From the moment the Enigma Quartet set foot on the stage on Sunday March 9th 2014 it was clear to the audience at St Bernard’s Church, Batehaven, that a vivacious and self assured performance was about to take place. The programme contained music by Britten, Borodin and Beethoven and was a challenging task for the listeners as well as the players.
While many would profess not to really like, or for that matter know much about Britten’s music, the Rhapsody (composed when Britten was 15) was a tuneful introduction to the evening and was played peacefully and with great attention to detail. The three divertimenti which were composed a little later in Britten’s life were contrasting in style and what stood out to me was the variety of musical textures – strong unison sounds, contrapuntal sections, bare drone like passages and the use of harmonics to good effect. The clarity and tight ensemble playing and articulation in these pieces were evident throughout and this really made the music come alive. A sense of humour and fun was evident throughout.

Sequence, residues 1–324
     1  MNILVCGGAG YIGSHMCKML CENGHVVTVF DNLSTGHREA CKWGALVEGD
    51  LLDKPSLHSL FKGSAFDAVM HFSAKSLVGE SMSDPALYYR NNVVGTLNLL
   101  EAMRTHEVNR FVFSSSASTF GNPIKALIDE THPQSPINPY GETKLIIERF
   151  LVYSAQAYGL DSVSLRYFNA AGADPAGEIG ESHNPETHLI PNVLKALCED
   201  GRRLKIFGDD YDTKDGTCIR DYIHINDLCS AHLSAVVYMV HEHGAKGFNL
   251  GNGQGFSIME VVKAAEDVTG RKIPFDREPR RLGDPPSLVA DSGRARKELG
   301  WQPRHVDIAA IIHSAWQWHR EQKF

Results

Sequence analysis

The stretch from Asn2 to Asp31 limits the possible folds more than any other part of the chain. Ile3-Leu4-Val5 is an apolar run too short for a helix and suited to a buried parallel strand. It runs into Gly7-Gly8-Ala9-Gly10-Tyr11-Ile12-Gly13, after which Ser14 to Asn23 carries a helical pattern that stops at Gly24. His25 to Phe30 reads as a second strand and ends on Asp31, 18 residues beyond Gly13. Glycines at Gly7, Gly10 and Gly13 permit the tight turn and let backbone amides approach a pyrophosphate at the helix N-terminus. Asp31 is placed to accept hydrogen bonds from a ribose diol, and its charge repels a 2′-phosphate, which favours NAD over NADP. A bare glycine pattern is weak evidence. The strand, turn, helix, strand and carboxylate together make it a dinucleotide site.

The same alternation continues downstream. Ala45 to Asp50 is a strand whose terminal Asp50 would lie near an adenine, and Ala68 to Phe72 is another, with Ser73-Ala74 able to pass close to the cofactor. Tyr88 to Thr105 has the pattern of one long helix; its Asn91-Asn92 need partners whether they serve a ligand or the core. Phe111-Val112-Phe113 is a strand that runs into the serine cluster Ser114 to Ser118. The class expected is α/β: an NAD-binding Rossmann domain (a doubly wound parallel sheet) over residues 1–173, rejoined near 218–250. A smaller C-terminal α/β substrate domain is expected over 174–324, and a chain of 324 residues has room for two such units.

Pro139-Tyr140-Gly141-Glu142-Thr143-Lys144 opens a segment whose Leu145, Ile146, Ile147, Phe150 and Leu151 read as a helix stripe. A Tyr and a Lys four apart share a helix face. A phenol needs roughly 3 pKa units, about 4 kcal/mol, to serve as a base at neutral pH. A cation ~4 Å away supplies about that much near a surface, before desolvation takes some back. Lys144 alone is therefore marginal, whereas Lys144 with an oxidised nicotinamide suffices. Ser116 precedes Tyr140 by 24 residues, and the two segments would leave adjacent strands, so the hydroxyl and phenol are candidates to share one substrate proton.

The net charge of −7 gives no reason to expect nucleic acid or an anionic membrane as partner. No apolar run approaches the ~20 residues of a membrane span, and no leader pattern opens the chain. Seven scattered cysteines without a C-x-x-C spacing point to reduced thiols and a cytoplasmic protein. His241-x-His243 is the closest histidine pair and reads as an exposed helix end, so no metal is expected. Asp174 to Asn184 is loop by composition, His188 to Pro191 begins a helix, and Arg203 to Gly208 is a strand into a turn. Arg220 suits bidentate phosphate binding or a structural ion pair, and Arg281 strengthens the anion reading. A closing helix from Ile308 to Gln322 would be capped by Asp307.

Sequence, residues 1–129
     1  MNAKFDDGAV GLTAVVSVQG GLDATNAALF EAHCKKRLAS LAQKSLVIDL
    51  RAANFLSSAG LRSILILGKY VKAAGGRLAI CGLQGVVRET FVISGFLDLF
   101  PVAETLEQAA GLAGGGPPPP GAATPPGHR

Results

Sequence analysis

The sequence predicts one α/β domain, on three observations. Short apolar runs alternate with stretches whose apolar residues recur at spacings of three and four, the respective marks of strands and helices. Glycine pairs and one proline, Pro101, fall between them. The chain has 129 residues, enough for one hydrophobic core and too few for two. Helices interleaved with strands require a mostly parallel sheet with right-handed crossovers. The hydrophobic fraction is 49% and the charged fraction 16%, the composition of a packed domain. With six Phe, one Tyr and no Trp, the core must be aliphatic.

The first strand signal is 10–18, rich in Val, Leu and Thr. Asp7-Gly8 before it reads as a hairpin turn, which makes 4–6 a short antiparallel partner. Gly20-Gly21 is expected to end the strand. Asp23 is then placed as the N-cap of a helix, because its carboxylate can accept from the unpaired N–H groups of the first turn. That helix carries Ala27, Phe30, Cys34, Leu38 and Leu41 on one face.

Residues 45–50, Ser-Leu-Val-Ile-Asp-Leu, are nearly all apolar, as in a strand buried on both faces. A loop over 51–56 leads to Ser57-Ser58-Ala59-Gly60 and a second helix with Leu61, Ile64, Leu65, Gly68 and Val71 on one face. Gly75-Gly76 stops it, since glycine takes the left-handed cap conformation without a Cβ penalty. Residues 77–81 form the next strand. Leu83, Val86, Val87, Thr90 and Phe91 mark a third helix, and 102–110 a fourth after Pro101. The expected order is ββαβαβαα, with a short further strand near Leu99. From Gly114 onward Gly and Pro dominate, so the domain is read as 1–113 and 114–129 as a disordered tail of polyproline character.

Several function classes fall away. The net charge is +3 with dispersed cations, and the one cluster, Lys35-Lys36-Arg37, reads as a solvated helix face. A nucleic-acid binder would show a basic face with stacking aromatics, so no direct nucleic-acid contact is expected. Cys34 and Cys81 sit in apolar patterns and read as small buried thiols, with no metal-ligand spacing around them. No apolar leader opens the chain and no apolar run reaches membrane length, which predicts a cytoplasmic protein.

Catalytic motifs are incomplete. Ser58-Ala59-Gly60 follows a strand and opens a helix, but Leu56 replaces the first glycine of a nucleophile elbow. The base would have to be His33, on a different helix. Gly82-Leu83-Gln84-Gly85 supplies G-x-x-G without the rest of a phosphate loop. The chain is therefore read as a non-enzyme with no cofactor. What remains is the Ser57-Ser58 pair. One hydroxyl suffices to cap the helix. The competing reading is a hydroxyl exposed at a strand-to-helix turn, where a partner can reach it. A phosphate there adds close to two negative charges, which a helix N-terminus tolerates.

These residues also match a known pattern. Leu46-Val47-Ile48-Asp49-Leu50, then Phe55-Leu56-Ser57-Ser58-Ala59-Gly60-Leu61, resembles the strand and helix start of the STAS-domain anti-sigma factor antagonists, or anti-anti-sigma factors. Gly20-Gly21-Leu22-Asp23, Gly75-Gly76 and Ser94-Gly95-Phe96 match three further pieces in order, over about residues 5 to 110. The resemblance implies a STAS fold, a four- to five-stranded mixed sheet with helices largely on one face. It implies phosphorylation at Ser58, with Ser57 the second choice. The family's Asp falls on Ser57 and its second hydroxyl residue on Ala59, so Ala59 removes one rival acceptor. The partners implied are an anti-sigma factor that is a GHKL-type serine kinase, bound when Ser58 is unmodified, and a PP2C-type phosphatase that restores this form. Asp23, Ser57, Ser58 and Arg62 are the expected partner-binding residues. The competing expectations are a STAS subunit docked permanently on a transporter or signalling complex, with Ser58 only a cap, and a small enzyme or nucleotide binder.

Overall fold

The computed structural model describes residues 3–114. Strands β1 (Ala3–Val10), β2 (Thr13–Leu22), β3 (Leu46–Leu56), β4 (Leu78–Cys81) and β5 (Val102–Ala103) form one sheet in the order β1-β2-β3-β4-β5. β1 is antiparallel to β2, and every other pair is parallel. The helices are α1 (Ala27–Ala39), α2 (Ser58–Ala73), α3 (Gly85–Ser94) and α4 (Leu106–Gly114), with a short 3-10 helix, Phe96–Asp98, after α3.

The Nocturne from String Quartet no 2 by Borodin was an excellent choice to follow the Britten and the audience was able to relax and enjoy a very well known and voluptuous melody with equally rich accompaniment. The opening statement of the theme by the cello was beautifully played and the accompaniment of Violin 2 and viola perfectly supported the melody. The movement progressed through a less contemplative stage and returned to the theme on the cello towards the end with a short coda where echoes of the theme were heard. The performance was very well balanced and a joy to listen to.
After the interval Beethoven’s Razumovsky Quartet no 2 in E minor was the masterpiece of the evening. The first movement was dazzling with its opening strident chords and subsequent melody, descending arpeggios and moments of silence. A long and tuneful second movement kept the audience spellbound and the strong rapport between the players was very noticeable in a well balanced and thoughtful presentation.
As the Quartet progresses it becomes more lighthearted and the five note Russian folk tune in the third movement – introduced by the viola and played by each of the instruments in turn – was appropriately supported by the rest of the quartet. Probably the pièce de résistance was the wonderful playing of the rondo theme in the last movement and the strong episodes between each statement of the subject – oh to be the first violinist in this movement!!
The whole concert was notable for the wonderful ensemble playing and the obvious enthusiasm, musicality and technical skill exhibited by each member of the group. The result was an intensely musical outcome and it was a privilege to be able to attend such a polished performance. I very much hope that we shall see and hear this group in Batemans Bay again soon!
9th March 2104